BLOODY BLOODY ANDREW JACKSON

Fighting Chance Productions, Performance Works, until November 11th, 2017 

My Two Pence

By Robert Blackburn

 

 

Bloody Bloody Andrew Jackson (BBAJ) produced by Fighting Chance Productions and on at Performance Works is an extremely mixed bag, so much so that it's hard to decide whether I enjoyed it or not. The actors were all competent enough, they sang well (a couple exceptionally), the choreography stood up despite extremely quick transitions and costume changes. 

 

So why am I on the fence? The performance I saw was completely besieged with technical problems. Mics switched on and off at random, they weren't switched off backstage, so you could hear coughs, sniffles and hushed questions. The electric guitars drowned out the opening number so badly that none of the lyrics could be heard. Then there was the constant feedback, snap, crackle and pops over the sound system for the majority of the first two-thirds of the play. It was cringe-inducing as an audience member and it seemed to sap the cast of its energy as they went into the last forty-five minutes. 

 

It's hard to be so critical of BBAJ when it was the behind-the-scenes, technical aspects that let the experience down. The show is designed as a huge, glam-rock concert to portray Andrew Jackson, the 7th President of the United States and his somewhat debatable legacy after his tenure in Washington DC. The cast and crew certainly endeavoured to create this atmosphere. When songs went by without glitches, it was reminiscent of being up at the front of the stage at a rock gig. However, the two stand-out songs of the night was when the electric guitar wasn't used (which makes the glitches and feedback even more intolerable) and these were 'Ten Little Indians' by Annastasia Unger and 'The Great Compromise' by Martha Ansfield-Scrase, who were both arguably the strongest voices of the evening.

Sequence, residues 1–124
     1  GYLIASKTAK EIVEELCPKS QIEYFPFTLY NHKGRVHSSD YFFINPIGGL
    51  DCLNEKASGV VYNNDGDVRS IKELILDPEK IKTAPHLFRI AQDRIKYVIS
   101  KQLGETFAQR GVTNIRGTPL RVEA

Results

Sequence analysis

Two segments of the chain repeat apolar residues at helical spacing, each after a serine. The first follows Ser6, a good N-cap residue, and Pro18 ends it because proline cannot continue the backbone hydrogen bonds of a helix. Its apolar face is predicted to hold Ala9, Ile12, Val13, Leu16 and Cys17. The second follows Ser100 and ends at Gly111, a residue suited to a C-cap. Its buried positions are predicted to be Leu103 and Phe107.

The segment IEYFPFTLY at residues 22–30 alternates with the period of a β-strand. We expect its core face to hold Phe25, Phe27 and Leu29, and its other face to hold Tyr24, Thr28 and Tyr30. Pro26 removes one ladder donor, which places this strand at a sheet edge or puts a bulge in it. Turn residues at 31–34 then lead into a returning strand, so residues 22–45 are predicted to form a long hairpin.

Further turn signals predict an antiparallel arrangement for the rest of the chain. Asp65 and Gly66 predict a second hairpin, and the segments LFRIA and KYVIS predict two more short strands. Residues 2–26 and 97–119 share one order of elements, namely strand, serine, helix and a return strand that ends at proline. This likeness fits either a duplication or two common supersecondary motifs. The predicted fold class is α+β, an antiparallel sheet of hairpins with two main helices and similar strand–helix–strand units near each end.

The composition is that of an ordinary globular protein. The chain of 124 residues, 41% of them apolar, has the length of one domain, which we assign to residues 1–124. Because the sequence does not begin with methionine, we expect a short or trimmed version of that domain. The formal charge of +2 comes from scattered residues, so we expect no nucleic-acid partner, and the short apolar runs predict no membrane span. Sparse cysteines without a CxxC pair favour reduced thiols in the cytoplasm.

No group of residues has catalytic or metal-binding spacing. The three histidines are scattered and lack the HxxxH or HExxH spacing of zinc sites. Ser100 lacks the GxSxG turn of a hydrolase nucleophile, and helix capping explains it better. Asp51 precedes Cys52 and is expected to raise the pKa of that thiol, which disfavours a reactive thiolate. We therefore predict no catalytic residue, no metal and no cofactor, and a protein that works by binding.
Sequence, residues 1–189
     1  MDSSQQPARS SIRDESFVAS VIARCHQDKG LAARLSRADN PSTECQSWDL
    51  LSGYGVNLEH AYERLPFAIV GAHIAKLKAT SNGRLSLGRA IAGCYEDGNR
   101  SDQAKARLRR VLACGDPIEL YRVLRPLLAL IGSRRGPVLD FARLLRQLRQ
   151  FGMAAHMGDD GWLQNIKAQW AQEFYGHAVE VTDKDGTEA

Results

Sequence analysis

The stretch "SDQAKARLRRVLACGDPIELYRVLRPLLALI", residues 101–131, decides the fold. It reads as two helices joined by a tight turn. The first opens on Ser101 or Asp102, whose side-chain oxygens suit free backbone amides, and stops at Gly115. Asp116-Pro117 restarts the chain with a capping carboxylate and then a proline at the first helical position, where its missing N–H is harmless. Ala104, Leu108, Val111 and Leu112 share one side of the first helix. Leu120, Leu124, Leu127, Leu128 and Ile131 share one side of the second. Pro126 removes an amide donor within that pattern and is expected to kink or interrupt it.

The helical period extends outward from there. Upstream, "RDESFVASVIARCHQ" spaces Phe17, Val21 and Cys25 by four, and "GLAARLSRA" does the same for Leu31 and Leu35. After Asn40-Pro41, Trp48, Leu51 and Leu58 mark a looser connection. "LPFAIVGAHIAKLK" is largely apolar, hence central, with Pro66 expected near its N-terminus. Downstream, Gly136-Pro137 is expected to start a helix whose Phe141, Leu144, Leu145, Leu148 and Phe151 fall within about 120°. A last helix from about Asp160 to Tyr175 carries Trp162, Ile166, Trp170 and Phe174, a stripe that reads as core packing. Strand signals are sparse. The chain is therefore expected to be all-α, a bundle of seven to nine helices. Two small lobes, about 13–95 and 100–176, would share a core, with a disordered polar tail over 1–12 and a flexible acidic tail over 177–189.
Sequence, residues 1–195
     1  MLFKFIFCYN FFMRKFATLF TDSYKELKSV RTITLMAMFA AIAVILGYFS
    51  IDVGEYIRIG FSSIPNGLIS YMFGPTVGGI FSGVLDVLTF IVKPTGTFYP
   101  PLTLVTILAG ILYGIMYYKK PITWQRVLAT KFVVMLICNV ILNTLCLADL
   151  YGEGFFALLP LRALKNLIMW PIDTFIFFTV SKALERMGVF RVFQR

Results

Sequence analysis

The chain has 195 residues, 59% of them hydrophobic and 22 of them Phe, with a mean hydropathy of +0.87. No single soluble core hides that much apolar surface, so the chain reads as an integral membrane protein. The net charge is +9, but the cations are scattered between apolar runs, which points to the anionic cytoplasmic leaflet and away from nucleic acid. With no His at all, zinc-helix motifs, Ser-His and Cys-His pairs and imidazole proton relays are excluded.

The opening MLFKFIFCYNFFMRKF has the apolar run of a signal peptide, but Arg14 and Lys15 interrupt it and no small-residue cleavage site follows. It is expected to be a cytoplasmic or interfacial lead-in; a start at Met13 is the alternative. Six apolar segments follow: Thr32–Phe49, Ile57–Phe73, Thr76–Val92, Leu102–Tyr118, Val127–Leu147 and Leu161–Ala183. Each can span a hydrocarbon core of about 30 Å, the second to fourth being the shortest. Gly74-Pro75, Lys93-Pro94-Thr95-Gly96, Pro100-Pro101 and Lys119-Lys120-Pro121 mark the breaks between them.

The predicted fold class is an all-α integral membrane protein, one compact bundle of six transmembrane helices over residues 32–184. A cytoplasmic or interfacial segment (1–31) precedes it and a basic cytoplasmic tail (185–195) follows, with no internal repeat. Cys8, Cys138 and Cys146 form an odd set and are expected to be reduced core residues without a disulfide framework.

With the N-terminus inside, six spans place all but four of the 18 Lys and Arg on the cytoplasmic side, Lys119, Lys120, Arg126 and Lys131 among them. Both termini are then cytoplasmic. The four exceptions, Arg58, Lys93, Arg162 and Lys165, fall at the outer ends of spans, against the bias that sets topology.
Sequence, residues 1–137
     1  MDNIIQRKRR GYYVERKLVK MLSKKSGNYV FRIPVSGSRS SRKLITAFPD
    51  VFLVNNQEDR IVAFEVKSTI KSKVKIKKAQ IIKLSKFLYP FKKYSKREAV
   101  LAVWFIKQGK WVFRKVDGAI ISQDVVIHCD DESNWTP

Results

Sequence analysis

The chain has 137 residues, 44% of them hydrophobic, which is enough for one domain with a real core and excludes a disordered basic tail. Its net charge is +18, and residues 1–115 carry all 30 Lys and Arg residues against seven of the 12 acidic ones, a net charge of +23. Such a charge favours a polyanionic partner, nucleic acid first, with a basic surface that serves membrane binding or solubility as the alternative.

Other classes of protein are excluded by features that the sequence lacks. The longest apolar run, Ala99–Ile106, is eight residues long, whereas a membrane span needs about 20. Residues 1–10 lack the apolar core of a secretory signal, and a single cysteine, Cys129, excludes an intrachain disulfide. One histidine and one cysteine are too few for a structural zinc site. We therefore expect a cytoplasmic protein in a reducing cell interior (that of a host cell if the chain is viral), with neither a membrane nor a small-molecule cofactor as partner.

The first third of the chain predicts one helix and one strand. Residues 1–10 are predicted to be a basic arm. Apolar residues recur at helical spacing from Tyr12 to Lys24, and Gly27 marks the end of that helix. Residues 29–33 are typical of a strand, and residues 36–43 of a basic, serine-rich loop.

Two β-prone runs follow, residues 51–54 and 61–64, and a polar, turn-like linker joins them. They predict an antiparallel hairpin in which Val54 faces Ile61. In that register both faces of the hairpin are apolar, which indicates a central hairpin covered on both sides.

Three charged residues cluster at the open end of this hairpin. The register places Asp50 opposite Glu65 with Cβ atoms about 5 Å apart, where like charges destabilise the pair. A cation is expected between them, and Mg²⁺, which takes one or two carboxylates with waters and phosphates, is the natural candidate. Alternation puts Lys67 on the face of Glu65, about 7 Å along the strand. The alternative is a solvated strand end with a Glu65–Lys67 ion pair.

Daniel Berube who portrayed Andrew Jackson certainly seemed to have the charisma to portray this characterisation of the President- a drinking, swearing, Indian (Native American)-hating fighter. But Berube, unfortunately, seemed particularly drained by the numerous sound cock-ups. I have a huge amount of sympathy for him and how difficult it was feeling the life drain away from the evening. 

 

BBAJ is actually a very relevant piece of theatre in its ability to mirror exactly what is going on in America right now, albeit with different sub-sects of society facing the brunt of a less-than-caring President. Whether Jackson was as truly narrow-sighted in his ambition to do what he thought best whatever the consequence would need further reading but the play certainly portrays him as a brazen, uncaring man with little care for the plight of the Natives. But on the other side he was a swashbuckling, rambunctious, rock group lead singer who put his finger on the pulse of this young nation. I was able to see all this and get taken by the flow of the “gig”. It would have been even better if I could have heard it as well.